New World Music Theatre - Tinley Park
August 8, 1997
First Appeared in The Music Box, October 1997, Volume 4, #11
Written by John Metzger
On August 8, Phish fans invaded Tinley Park's New World Music Theatre in an onslaught of ticketless hordes that hopefully haven't jeopardized the band's relationship with this venue. Obviously, many did not heed the band's advice to stay home if you do not have a ticket, and this seems to have been a problem throughout the summer tour. History seems to be repeating itself, as Phish is now suffering from many of the problems that plagued the Grateful Dead throughout its final decade.
Phish had not visited Chicago since their Halloween '95 Quadrophenia performance, and I hope that the massive crowed that gathered at this performance won't keep them away for such a long time again. On the positive side, the crowd was the friendliest bunch of people that I have seen in a long, long time — even taking turns allowing each other out of the cramped parking lot after the show.
The band took the stage a half-hour late and warmed up with an extremely jazzy version of Cars Trucks Buses that featured keyboardist Page McConnell. Unfortunately, for the rest of the evening, McConnell's normally adventurous keyboard playing faded into the background. This, combined with the fact that the sound system virtually muddied and lost Mike Gordon's bass, left the remainder of the evening to become the Trey Anastasio show.
Gumbo, the second song of the night, really took off with several searing guitar solos from Trey as well as a series of several tightly knit group rhythmic jams. The song drifted into space before veering into a jazzy, funky Lizards that had the audience leaping madly about the arena.
Dirt mellowed things out a bit as Anastasio settled into a Rick Danko-like waltz, and many naive audience members ventured out for a walk. Dirt is a great new song that debuted this past June. The tune fits stylistically with the latest album's Pink Floyd-like musings.
It's Ice brought the crowd back to full attention as the band embarked on a spacy, jazzy jam. Another new song, the country-influenced Water in the Sky, was given a quick run-through before the crowd-favorite Character Zero closed out the hour-long set. Phish seemed genuinely bored with Character Zero, which Anastasio attempted to save with a few blistering leads to conclude the song.
After a 35-minute break, the band returned for what I thought would be a long second set. Instead, we only heard 65 minutes worth of music, making this a rather short concert by Phish standards.
Long-time readers of this newsletter know how much I have tried to separate Phish from the Grateful Dead. More often than not, their styles and sounds are quite different and the two bands share only similar influences and a love of pushing songs to their limit. While Phish did start their career by covering a number of Grateful Dead songs, it seems that they have since tried to distance themselves from this image.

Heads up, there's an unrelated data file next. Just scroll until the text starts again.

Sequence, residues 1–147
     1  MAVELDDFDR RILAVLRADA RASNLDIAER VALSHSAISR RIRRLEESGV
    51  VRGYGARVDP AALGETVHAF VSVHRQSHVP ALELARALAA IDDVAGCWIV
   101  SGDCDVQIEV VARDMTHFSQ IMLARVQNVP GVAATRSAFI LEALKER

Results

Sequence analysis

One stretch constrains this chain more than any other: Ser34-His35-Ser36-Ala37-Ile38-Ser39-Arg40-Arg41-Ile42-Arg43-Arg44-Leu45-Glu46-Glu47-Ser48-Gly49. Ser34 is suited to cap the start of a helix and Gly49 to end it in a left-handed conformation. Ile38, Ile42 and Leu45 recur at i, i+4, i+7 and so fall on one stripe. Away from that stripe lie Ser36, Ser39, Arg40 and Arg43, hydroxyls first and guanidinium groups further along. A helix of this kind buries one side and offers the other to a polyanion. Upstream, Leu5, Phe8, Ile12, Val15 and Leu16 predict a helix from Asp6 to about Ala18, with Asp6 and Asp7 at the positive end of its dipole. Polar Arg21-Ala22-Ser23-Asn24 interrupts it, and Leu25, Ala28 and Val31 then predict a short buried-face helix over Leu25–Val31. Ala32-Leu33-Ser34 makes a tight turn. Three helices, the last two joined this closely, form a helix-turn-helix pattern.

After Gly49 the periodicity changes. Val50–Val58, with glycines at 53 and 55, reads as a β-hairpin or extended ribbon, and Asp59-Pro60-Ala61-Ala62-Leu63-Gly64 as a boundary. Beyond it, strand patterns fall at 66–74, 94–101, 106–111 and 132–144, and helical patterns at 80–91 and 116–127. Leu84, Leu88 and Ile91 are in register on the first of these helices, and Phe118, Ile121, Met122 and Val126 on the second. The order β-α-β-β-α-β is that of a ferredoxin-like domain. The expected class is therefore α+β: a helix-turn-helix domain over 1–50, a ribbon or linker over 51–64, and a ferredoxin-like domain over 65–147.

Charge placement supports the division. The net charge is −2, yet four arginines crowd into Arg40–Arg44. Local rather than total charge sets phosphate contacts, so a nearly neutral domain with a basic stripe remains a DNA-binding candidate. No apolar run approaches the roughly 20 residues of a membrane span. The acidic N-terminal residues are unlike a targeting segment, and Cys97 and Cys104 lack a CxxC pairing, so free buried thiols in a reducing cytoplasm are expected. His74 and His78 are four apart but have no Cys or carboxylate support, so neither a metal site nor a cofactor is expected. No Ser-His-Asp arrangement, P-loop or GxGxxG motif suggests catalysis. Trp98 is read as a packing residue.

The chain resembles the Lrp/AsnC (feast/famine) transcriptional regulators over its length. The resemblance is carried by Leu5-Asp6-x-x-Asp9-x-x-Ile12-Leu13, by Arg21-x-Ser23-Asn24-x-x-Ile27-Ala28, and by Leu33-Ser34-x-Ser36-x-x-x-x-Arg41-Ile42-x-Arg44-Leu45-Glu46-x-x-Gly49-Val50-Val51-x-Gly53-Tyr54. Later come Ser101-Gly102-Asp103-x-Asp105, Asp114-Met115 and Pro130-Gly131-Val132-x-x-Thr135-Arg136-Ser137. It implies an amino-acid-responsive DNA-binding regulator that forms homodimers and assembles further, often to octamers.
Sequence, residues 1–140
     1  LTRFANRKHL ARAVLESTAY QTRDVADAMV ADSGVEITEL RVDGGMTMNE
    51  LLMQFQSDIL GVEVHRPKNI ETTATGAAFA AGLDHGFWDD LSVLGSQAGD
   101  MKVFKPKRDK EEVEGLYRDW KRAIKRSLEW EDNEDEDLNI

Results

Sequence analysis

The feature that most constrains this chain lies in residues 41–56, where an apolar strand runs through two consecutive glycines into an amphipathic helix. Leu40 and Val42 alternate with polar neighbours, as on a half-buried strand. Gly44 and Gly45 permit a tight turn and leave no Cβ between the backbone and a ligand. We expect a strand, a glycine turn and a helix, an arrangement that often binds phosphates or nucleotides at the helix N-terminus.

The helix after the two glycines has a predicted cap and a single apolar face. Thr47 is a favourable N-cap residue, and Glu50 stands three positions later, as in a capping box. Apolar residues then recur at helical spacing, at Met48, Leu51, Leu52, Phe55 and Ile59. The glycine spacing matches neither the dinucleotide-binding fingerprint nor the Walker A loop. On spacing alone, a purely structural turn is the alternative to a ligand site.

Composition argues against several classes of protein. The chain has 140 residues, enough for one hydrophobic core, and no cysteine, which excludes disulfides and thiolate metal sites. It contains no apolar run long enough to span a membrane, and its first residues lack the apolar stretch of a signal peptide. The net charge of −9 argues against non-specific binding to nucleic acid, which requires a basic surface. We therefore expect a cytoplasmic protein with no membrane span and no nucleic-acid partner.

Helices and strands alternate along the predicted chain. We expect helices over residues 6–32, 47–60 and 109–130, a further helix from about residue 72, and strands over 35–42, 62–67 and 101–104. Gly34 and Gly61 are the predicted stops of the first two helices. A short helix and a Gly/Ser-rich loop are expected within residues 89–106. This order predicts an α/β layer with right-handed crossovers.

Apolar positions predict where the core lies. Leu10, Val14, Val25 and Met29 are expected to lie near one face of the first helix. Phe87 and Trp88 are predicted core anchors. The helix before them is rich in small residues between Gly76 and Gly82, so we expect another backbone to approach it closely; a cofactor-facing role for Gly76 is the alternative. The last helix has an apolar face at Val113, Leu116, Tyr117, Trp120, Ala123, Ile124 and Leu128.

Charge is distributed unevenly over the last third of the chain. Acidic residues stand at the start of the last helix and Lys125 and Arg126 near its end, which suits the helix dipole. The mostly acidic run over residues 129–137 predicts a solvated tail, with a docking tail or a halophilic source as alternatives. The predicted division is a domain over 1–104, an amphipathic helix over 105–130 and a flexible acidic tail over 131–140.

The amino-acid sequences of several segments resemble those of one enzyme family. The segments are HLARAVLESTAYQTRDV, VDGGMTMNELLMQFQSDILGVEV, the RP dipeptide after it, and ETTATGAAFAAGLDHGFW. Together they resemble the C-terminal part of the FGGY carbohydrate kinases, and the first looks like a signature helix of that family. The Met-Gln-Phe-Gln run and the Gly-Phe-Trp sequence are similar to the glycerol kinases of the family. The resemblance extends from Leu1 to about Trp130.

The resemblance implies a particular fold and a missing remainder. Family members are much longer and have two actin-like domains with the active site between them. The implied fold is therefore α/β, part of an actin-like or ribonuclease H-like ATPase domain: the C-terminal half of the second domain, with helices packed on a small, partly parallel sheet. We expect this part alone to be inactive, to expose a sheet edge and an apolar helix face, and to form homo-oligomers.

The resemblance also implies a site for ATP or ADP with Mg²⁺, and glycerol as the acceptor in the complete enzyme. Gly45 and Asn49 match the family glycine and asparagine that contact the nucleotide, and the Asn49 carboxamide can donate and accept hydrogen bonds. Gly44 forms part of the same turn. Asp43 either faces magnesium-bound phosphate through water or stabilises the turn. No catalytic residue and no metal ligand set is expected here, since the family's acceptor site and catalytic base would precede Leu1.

Therefore, you might be surprised to hear me say that the first three songs that the band played to open the second set came as close to sounding like the Grateful Dead's music as I have ever heard them do. When the band took the stage, they even sounded like the Grateful Dead as they tuned-up.
A re-vamped Wolfman's Brother was the opening number for the set. This was an unbelievably lengthy version that was oddly similar to the Dead's Scarlet Begonias. As the song concluded, the band continued with an explosive jam that hinted at everything from the Dead's own post-Scarlet segue to Phish's Free. There were even elements of the Dead's Shakedown Street and The Who's Eminence Front that floated to the vanguard of their rhythmic soundscape. As Anastasio, Gordon, and McConnell locked into a groove, the musical momentum was pushed forward by Jon Fishman's jazzy drumming. The music twisted and turned and finally gave way to a fiery rendition of Free.
Despite the many times I've heard this song, Free carried the weight of a speeding freight train. The vocal harmonies were tight and the jams were even tighter. Phish was in a groove.
Gradually, Free dissipated and what remained was the highlight of the evening. The group embarked on Limb by Limb which distinctly relayed the emotional beauty of the Grateful Dead's Crazy Fingers. Propelled by its reggae beat and Fishman's solid drum fills, this song just seemed to climb and climb into the outer reaches of the stratosphere.
Phish then launched into a solid cover of the Rolling Stones' Loving Cup. At times Anastasio's vocals contained a Jagger-esque sneer that was amazingly on target. After some brief noodling, the band wound into Prince Caspian. I've always wanted to hear this song in concert, but unfortunately, this version seemed to last a bit long, gradually losing the momentum that had been building. Chalkdust Torture, another crowd-favorite, didn't go anywhere at all. The band seemed incredibly bored as they concluded the short second set.
I thought perhaps we might get a lengthy encore or even a mini-third set, given that there was still 45 minutes until the arena's curfew. Instead, Phish returned for a two-song encore with the help of bluesman Sugar Blue who sang both songs. These were fairly routine versions of Hoochie Coochie Man and Messin' with the Kid. I can only conjecture that the band had had some run-ins with the arena management over the number of ticketless folks that had arrived, and that this had led to a shortened show. The night concluded more than 30 minutes before the final curfew.
The Story of the Ghost is available from Barnes & Noble.
To order, Click Here!
Copyright © 1997 The Music Box